Interview with Lydia Kasiwa, Community Liaison Officer, Kenya
As a child, what did you want to be when you grew up? Were you already attracted to the field of health?
I have been passionate about public health for as long as I remember. In 2005, after completing high school, I got involved with ‘Moving The Goalposts’, as a volunteer peer educator. I would visit schools and community centers to raise awareness about sexual and reproductive health rights among parents and teachers. This experience eventually led me to join the organization full-time and I worked there for fifteen years before joining the BOHEMIA project.
My work at BOHEMIA as a Community Liaison Officer allows me to further my interest and passion for improving people’s health. I am enjoying working on this interdisciplinary project with a large team and am determined to go get a Masters in Global Health next.
What are your earliest memories of malaria? When did you first learn about this disease?
My earliest memories of malaria date back to my days in primary school when my sisters and I used to suffer from the disease frequently. It was a horrible experience and I still remember those days of vomiting, losing the taste of food, shivering, and missing school for several days or weeks. Moreover, whenever I used to suffer from malaria, I would be given quinine tablets or injections, which often led to side effects like itching when taken with other medicines.
When you heard of the BOHEMIA project, what did you first think about using ivermectin for malaria control?
At first, I was intrigued because even though I had heard of ivermectin, I didn’t know of its use in humans. But once I read about the project and the drug, I was excited to learn about ivermectin’s ability to kill mosquitoes, hence contributing to malaria vector control.
Malaria is a significant problem for people in Kenya. We are always looking forward to new strategies that can help us eliminate malaria as soon as possible.
What is your role in the BOHEMIA trial and what do your day-to-day tasks look like?
As the Community Liaison Officer in the BOHEMIA project, I lead the engagement activities for the study, with an aim of increasing the stakeholders’ and community members’ understanding and knowledge about the study for their full support, acceptance, and participation. I also lead activities aimed at seeking county approvals for the various work packages of the project.
In the last few months, I have developed a community engagement strategy, set up committees for study protocols, planned engagement activities for each sub-study, and organized stakeholder meetings.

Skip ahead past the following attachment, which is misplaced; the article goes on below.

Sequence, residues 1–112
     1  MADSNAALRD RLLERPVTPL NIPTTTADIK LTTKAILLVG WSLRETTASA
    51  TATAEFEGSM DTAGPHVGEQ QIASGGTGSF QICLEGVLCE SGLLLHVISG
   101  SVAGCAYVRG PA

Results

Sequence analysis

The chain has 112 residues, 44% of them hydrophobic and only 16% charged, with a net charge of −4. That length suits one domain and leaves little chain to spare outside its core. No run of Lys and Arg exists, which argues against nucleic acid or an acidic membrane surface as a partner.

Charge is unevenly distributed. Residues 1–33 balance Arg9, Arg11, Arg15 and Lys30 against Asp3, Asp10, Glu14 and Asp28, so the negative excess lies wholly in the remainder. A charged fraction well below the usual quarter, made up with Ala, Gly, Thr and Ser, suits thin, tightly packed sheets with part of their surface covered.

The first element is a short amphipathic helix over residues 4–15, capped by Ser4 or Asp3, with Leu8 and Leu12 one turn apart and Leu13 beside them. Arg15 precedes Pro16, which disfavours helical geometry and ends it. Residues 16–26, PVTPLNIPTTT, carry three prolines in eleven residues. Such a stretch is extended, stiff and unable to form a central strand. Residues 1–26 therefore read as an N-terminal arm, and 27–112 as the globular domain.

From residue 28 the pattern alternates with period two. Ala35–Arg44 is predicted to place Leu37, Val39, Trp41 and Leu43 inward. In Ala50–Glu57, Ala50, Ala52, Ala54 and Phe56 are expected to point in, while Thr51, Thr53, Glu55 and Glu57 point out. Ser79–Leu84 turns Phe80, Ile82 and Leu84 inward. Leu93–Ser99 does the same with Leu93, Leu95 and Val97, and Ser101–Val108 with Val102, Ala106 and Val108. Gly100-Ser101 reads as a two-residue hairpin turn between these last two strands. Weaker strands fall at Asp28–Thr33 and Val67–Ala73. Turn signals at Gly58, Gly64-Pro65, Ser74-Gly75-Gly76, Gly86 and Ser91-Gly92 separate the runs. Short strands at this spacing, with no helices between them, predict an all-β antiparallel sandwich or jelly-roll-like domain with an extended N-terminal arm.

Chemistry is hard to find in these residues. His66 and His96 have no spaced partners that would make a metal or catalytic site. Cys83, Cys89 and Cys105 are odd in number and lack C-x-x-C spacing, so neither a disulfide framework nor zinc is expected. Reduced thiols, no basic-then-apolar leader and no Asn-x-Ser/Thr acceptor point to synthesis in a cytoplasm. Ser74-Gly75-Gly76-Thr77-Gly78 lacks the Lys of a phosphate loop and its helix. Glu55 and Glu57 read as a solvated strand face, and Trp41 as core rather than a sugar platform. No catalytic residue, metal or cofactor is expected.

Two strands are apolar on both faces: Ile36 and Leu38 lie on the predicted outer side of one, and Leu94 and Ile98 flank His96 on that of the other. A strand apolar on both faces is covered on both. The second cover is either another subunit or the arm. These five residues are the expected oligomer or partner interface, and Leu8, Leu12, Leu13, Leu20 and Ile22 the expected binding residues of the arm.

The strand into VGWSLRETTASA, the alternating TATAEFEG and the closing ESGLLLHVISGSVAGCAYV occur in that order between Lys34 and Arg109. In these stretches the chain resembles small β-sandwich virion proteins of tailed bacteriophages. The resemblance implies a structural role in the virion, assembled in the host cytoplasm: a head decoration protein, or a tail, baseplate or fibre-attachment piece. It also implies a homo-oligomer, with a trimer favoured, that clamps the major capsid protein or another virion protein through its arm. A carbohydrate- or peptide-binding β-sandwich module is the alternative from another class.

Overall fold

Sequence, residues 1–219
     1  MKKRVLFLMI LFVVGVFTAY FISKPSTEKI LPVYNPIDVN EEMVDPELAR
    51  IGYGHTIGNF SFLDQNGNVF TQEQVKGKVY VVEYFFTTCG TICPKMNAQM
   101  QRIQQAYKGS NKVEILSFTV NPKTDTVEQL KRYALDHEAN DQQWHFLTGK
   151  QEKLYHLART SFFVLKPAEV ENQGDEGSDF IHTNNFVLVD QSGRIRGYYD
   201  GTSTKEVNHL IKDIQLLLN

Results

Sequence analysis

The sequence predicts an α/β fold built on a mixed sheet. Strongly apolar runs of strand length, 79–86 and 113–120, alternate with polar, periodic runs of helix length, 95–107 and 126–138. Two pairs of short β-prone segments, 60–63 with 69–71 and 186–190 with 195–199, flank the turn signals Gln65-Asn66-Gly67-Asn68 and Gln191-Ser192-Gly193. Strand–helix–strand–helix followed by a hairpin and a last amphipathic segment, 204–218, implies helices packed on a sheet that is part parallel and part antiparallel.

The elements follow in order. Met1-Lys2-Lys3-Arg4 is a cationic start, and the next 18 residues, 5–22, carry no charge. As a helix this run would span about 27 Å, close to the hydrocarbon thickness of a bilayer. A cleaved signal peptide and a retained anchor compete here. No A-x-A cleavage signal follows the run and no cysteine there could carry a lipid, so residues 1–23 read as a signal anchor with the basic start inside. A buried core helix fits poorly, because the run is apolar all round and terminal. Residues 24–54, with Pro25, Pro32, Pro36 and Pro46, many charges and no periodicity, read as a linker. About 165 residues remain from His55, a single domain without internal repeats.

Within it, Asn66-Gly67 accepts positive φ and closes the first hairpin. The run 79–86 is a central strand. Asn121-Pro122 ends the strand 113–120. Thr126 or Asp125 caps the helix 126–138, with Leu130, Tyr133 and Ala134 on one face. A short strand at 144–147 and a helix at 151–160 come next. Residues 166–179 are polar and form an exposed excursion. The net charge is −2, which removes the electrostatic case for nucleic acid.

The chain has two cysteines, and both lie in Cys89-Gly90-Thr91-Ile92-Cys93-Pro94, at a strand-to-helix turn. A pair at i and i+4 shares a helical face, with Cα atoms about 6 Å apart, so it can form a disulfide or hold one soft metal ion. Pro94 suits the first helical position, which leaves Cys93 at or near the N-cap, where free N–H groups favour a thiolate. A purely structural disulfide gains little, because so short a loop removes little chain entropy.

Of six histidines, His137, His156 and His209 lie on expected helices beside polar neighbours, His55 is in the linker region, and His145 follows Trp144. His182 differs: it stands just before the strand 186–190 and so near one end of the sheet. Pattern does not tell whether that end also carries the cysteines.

One of the best parts about this job is that I get to participate in radio programs, disseminating information about the upcoming trial.
What are some of the challenges you are currently facing and how do you plan on overcoming them?
We are still in the early stages of implementation so we are yet to face the bulk of the challenges. However, after initiating the community engagement activities, we can already see that misinformation will be a key issue that we need to be ready to address in this malaria project. There are some rumours that the trial medicine is targeted at making people infertile. So we are currently working with community members to address these concerns and build stronger ties of trust between the participants and the implementers.
“We can already see that misinformation will be a key issue that we need to be ready to address in this malaria project.”
Our colleagues in Mozambique had also faced similar challenges with misinformation during the mass drug administration trial. They found that teaming up with community leaders to dispel these rumours was one of the most efficient ways to resolve the issue. So we are incorporating these lessons learned from the previous trial.
What do you think is needed to advance the fight against malaria in Kenya, and how does BOHEMIA fit in?
In rural Kenya, health facilities are not always easily accessible. I believe it is important that rapid detection tests are made available to trained community members so that they can ensure timely diagnosis and treatment for those who are suffering from malaria. Moreover, counties within Kenya like Kwale have high malaria transmission rates and we need complementary tools to fight malaria in such regions.
This strategy to kill mosquitoes with ivermectin will help prevent new cases of malaria and break the transmission cycle. If we are able to generate the necessary evidence needed to include this strategy in the malaria control toolkit, we will have an additional tool to fight malaria in Kenya and beyond. BOHEMIA is also unique because of the sheer size of the project. At the end of this project, several young members of the community will have gained important employable skills like data collection and community engagement.